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I had a question about sirens in another section that went unanswered, so I like to start from basics and go from there. So if you're sitting at home, and hear a heavy truck go by, the kinds that almost shake your apartment. That's one kind of noise. You hear the wail of sirens from an ambulance or firetruck, and that's another. Then there is someone next to you snoring. That's a third.

I've heard people use the term "white noise" to cancel out or reduce other noise. Granted I have used various earplugs but they only reduce certain kinds of noise and not that well either. But looking at white noise, I realized there is so much about it that I don't know. For instance there is also brown noise and pink noise. There is a sound's loudness, pitch, timber, direction, frequency, etc.

So I figured I ask my question here and get some constructive suggestions or guidance to help me narrow down my search and give it a sort of direction. I appreciate all your help.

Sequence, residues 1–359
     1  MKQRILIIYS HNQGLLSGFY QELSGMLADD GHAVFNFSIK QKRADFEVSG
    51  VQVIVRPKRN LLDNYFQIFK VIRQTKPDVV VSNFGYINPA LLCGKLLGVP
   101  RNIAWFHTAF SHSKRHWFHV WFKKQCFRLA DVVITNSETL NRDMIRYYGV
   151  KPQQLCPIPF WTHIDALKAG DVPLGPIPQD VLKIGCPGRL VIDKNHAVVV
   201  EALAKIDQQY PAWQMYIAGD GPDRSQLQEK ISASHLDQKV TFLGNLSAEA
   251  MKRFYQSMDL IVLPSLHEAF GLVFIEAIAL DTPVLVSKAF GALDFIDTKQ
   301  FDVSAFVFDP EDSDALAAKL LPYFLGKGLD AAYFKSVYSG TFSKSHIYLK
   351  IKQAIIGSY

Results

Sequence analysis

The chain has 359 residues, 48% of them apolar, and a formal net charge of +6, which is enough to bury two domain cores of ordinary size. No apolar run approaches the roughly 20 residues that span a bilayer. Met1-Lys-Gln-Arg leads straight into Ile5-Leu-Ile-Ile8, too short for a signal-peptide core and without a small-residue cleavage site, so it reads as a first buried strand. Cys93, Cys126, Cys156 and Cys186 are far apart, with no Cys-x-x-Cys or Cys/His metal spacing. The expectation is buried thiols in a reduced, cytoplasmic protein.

EDIT for MODS: A per knzhou's suggestion, this is not as relevant to physics as it is to biology of hearing. I decided to post this in cog sci forum. I can't say it's "solved" because it's not, but just want to let you know you can close this if you prefer.

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    $\begingroup$ Hey, this is actually a biology question rather than a physics question. A white noise generator helps muffle other noises because human ears become less sensitive to noise the more background noise there is. This is called auditory masking. $\endgroup$ – knzhou Sep 6 '16 at 6:41
  • $\begingroup$ However, this has very little to do with sound interference, or the frequency spectrum of white noise, etc. You're better off asking this on the Biology or Cognitive Science SE sites. $\endgroup$ – knzhou Sep 6 '16 at 6:42
  • $\begingroup$ okay, thanks guys, if this is more suitable for biology, should I copy/paste this in the biology forum or is that not allowed? $\endgroup$ – Raymond Sep 6 '16 at 7:37
  • $\begingroup$ Cross posting is frowned upon, AFAIK. $\endgroup$ – user108787 Sep 6 '16 at 10:24
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    $\begingroup$ I'm voting to close this question as off-topic because this belongs on biology.SE or cognitive science.SE. $\endgroup$ – heather Sep 6 '16 at 11:35

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